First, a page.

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Cycling and walking survey attracts more than 700 responses

A group of people riding bicycles
Blake Pain with members of the safe and sustainable travel team

Just two weeks after the launch of  a county council survey asking people for their views on how cycling and walking provision could be improved in Leicestershire, more than 700 people have now responded. 

The council is developing a new strategy which has the ambition of increasing the number of journeys by bike or on foot as well as bringing benefits in creating healthier communities and reducing carbon emissions.

We’ve had a really outstanding response so far to our survey and we’re absolutely delighted to see that so many individuals, groups and communities have shared their views.

Among the key elements of the survey is asking people what prevents them walking or cycling and what measures we can put in place so, in the future, they can make more of the shorter journeys by bike or on foot.

The views we receive will be used to shape the future strategy and our action plan. Rest assured, what people say now will play a part in forming our cycling and walking infrastructure for future generations.

The council hopes the replies to the survey will reflect the wide diversity of Leicestershire’s communities and is particularly keen to encourage individuals and groups of BAME heritage to take part.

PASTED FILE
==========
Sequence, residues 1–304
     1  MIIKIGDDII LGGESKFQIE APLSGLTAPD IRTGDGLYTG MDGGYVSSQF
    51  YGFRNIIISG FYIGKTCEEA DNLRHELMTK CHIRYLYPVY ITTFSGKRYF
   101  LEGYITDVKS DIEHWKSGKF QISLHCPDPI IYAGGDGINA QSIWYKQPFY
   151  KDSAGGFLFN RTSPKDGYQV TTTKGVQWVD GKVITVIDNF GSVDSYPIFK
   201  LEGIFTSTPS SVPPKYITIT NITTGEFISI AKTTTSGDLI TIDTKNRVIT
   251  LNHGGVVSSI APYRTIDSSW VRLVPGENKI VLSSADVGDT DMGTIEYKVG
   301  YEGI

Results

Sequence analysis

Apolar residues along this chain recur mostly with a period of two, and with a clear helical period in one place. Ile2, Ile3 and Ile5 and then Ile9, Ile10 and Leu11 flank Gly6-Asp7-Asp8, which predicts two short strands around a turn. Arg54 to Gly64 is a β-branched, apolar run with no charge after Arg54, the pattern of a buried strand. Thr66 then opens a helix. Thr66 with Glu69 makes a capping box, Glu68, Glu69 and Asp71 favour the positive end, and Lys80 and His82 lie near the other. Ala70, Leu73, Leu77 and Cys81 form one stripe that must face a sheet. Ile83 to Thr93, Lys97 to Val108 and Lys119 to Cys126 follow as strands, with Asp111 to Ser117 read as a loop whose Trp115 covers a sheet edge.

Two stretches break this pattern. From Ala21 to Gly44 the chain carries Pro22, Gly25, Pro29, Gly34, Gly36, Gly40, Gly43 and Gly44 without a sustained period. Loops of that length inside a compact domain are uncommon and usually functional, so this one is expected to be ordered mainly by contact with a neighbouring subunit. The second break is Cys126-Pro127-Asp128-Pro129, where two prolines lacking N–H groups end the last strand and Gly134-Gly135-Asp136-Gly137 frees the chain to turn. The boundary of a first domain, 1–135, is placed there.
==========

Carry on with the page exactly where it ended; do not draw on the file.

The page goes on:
The survey will remain open until Sunday 14 March. 

Complete the survery here 

The short survey was launched on Wednesday 27 January to collect the response – and has so far received more than 700 responses. The level of interest in the survey has been so that the closing date has now been extended to March.

The views submitted through the survey will be used to shape and create the new cycling and walking strategy, which is due to be published in summer 2021. Once published, the strategy will help to inform future plans to improve pavements and cycleways, as well as supporting funding bids to Government to enable the delivery of improvements.

In May 2019, the council declared a climate emergency and set a goal to be carbon neutral by 2030. In December 2020, the authority went one step further, pledging to reach net zero carbon emissions for the whole county by 2045 – five years ahead of the government target of 2050.

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